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Hoya is an evergreen climber suitable for the conservatory, bearing slightly pendant heads of waxy flowers which can be highly scented, particularly in the evening.
Hoya in flower
Hoyas are native to Indo-China, Indonesia and Australasia, and in this country they need to be grown in a warm bright room in the house or heated conservatory. The most commonly grown are Hoya carnosa and Hoya lanceolata ssp. bella (syn. H. bella).
Do not move plants once flower buds form and do not remove the flower stalk (peduncle) after flowering as more flowers are often borne on the stumps of previous clusters.
Plants require a humid atmosphere – maintain good levels of humidity by standing the container on tray of gravel, expanded clay granules (Hydroleca) or recycled lightweight aggregate (Hortag) and keep moist, with the water level slightly below the surface of the gravel.
Re-pot in spring if needed, and do not feed for 5-6 weeks after re-potting.
Sharply draining, well aerated compost is essential for hoya to thrive. This can be made using one part by volume orchid bark, one part peat free compost and one part coarse perlite. Alternatively, use cactus compost but add some extra perlite.
Hoya carnosa is a strong-growing climber and should be grown up a trellis or around a wire hoop. In a conservatory it can be trained along horizontal wires. H. bella is a small bushy plant best grown in a hanging basket.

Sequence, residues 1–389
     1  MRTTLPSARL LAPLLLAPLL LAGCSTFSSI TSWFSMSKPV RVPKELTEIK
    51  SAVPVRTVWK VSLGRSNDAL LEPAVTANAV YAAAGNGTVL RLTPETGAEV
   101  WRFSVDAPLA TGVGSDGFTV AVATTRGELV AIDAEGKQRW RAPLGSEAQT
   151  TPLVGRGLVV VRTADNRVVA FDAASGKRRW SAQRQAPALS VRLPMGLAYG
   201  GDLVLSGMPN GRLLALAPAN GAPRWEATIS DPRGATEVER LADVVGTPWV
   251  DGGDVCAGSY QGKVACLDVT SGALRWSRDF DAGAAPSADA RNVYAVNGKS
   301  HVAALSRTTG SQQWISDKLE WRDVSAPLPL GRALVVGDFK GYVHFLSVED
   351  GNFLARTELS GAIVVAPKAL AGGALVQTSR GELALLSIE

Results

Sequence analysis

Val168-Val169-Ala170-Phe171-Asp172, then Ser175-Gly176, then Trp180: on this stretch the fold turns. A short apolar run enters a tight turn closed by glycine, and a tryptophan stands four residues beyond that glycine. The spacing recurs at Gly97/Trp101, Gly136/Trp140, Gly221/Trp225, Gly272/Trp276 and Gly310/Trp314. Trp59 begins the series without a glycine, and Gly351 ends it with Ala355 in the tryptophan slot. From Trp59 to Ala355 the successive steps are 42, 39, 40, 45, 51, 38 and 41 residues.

Cut back or thin congested growth at the end of February.
Hoyas do not respond well to hard pruning and over-large plants are best replaced.
Hoyas can be increased in a couple of ways;
H. carnosa ‘Variegata’: This hoya has creamy white margins to its succulent leaves with waxy night scented white flowers.
Hoya lanceolata ssp. bella (syn. H. bella): A succulent trailing plant with clusters of sweetly scented white flowers with purple centres.
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Common problems encountered when growing hoyas include;
Leaf-drop, blackening of leaves and dieback of stems: may be due to poorly-drained or water-logged compost or being too cool during the winter.
Wilting and die back of the growth above ground: can be caused by overwatering or excessive application of fertiliser making the roots unable to absorb water owing to the excessive levels of salts in the soil.
Root rot: may occur as a result of overly wet or poorly drained compost. Plants can be rescued by taking cuttings as soon as the problem is noticed.
Failure to flower: possibly due to insufficient light.
Houseplant pests: susceptible to mealybug, glasshouse whitefly and scale insect.
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